About The Maytum Learning Commons

The Maytum Learning Commons draws together a variety of academic support services to create a “one-stop shop” for students in Allegheny’s Pelletier Library. Peer consultants assist students with writing, public speaking, effective use of technology, and study in a variety of academic subjects.

Our professional staff arrange accommodations for students with disabilities; consult with students on study skills such as time management, effective reading, and test taking; coordinate new student orientation; and support the academic advising program.

Comments, questions, and suggestions for the Learning Commons are welcome and should be sent to learningcommons@allegheny.edu.

Join us for the Long Night Against Procrastination and the International Write-in!

The Learning Commons invites you to join us for the Long Night Against Procrastination (#lndah) and the International Write-in (#intnationalwritein) on Monday, April 20! The writing consultants, research librarians, and subject tutors will be on hand to help you as we head into the last full week of classes for the 2014-2015 academic year!.

When: Monday, April 20, 8 pm-11pm
Where: Pelletier Collaboratory (on the upper floor)
What: Get assistance with research and writing for those upcoming essays, spend some time writing alongside others, and draw upon the expertise of the subject tutors as you prepare for your remaining exams and final assignments.

Delicious snacks will also be provided!

The Spring 2015 semester has begun!

Start your semester well by setting new goals, brushing up on your time management skills, or learning new note taking techniques! Classes begin on Monday, January 12, and it’s never to early to start planning for success!

Peer consultations for writing, speech, and technology will begin on Tuesday, January 20. Consultants are available from 3:00 to 5:00pm and 7:00 to 11:00pm, Sunday through Thursday.

Drop-in subject tutoring will also begin on Tuesday, January 20. The drop-in tutoring schedule is available to download, and paper copies are available in the Learning Commons.

Be sure to take a look at all of our available Study Skills Resources on the tab to the left. You can request an appointment with a professional staff member for assistance with any of these topics, or to discuss any other concerns. We look forward to seeing you soon!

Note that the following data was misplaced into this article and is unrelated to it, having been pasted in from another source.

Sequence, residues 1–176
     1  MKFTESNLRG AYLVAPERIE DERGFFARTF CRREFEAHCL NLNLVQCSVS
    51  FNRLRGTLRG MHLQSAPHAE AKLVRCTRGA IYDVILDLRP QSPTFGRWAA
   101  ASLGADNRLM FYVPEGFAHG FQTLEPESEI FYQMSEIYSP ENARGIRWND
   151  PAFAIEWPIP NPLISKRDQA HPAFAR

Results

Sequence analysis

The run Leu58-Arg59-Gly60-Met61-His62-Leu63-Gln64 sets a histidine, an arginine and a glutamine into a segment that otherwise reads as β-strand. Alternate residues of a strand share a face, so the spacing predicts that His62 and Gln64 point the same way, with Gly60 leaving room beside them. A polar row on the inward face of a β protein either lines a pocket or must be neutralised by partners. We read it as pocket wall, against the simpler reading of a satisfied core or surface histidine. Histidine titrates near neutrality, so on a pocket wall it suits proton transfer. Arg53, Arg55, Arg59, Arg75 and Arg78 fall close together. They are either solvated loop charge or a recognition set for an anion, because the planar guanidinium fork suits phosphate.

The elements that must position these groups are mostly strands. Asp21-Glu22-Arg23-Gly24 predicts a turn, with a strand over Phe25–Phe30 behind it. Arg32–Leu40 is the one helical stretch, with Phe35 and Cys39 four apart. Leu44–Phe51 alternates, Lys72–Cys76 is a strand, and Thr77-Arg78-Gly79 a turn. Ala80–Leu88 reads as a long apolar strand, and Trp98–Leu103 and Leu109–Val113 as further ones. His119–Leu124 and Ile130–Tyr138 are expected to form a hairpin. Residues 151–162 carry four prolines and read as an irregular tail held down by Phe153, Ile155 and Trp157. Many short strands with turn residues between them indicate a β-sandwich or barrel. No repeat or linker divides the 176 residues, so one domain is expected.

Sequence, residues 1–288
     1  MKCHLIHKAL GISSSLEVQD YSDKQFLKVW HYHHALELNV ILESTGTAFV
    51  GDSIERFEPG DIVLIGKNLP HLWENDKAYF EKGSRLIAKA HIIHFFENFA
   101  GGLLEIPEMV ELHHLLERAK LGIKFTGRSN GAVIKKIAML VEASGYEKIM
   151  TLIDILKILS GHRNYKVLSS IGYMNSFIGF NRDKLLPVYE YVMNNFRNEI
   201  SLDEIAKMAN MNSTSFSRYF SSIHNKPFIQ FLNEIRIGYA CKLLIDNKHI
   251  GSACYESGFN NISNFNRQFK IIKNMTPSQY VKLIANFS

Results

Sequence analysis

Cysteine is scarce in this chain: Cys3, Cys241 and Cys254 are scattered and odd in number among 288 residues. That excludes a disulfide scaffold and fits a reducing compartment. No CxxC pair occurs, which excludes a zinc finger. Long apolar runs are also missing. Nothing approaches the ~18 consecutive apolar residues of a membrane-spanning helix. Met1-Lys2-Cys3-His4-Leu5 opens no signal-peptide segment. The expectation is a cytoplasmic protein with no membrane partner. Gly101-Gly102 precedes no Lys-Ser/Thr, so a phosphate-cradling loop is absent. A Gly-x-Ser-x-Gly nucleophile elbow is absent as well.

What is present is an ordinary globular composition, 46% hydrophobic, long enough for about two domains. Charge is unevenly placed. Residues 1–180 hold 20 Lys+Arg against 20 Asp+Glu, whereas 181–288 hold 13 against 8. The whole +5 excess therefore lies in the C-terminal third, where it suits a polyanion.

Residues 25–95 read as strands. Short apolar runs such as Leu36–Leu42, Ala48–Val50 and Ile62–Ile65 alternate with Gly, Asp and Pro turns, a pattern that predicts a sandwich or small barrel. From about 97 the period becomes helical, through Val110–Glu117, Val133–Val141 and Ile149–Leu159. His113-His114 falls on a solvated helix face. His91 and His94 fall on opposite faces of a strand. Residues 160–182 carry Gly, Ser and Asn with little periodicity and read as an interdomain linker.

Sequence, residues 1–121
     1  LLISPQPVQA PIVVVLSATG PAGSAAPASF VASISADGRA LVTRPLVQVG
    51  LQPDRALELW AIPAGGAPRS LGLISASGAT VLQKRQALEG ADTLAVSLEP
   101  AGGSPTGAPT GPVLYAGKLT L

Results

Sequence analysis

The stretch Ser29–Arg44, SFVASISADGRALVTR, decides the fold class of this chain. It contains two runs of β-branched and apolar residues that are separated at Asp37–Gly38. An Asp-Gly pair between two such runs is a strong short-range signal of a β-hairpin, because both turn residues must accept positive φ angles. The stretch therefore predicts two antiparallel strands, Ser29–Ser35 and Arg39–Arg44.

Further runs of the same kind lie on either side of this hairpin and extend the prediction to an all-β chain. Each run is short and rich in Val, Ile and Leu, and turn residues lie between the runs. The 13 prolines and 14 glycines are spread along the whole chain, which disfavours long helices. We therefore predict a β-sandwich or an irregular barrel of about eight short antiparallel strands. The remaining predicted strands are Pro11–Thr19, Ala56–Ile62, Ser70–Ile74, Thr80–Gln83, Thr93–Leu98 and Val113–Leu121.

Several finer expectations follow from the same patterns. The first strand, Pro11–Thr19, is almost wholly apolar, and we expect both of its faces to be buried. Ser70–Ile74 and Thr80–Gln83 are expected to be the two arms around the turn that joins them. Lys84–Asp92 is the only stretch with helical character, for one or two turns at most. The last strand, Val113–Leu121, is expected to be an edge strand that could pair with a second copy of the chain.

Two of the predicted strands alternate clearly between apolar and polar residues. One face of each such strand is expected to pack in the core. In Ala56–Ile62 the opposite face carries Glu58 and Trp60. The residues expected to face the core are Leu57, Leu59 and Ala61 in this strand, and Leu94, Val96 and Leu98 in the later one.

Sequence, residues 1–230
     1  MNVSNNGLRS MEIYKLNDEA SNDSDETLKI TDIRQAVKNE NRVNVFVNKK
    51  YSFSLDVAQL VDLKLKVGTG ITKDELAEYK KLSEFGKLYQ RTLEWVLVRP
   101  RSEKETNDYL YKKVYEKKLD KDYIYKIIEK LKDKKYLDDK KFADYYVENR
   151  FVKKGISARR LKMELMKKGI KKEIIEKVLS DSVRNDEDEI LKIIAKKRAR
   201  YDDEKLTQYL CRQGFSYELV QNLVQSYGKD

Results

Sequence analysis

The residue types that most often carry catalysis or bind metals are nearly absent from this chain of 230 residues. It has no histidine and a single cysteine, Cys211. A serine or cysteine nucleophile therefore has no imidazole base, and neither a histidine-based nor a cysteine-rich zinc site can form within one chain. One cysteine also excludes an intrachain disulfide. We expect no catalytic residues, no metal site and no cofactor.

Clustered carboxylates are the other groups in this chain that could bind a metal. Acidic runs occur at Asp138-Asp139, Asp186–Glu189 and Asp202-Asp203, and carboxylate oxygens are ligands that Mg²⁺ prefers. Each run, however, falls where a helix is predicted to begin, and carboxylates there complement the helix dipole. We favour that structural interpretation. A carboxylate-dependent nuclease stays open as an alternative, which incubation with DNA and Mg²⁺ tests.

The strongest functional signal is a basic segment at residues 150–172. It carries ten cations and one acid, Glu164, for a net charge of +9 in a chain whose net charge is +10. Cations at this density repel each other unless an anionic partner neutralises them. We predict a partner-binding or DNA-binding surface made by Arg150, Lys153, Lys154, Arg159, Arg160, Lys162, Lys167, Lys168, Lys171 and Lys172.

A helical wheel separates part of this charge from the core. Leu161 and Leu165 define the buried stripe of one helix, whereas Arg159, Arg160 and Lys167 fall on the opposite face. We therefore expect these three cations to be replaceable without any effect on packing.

Visit our new space!

The Maytum Learning Commons and the offices that comprise The Allegheny Gateway are now located on the main floor of the Pelletier Library. This newly remodeled space provides great opportunities for student tutoring, consultations, and group or personal study.

Please stop by and visit us! If you’re in Pelletier, look for the yellow carpet tiles, and follow the signs for offices 254 through 259. We hope to see you soon!

The Science of Procrastination

One of the topics we discuss with students most frequently is how to “cure” procrastination. Unfortunately, there is no cure, but we can all work on how to better manage and avoid procrastination.

A group called AsapSCIENCE put together the following video on the science of procrastination, which might help you do a little (or a lot!) less procrastinating in the future. If you’d like to meet with us to talk about procrastination after watching the video, you can complete our individual meeting request form, and we’ll set up a time to speak with you.

Here’s the video:

Get the Most out of Your Studying!

Are you looking to take your studying to the next level in 2012? The Learning Commons would like to recommend a set of instructional videos from Dr. Stephen Chew, Professor of Psychology at Samford University, on how to get the most out of your studying.

Dr. Chew has prepared five videos with recommendations for better studying based on principles of cognitive psychology. Though that may sound intimidating, the videos are easy to follow, and contain valuable information about how you can change your approach to studying to better understand your course material, and be more successful on your exams.

In the first video, Dr. Chew explains the importance of “metacognition,” which is a term for what you think about your own processes for studying:

You can access the rest of the series by clicking here. Good luck, and good studying!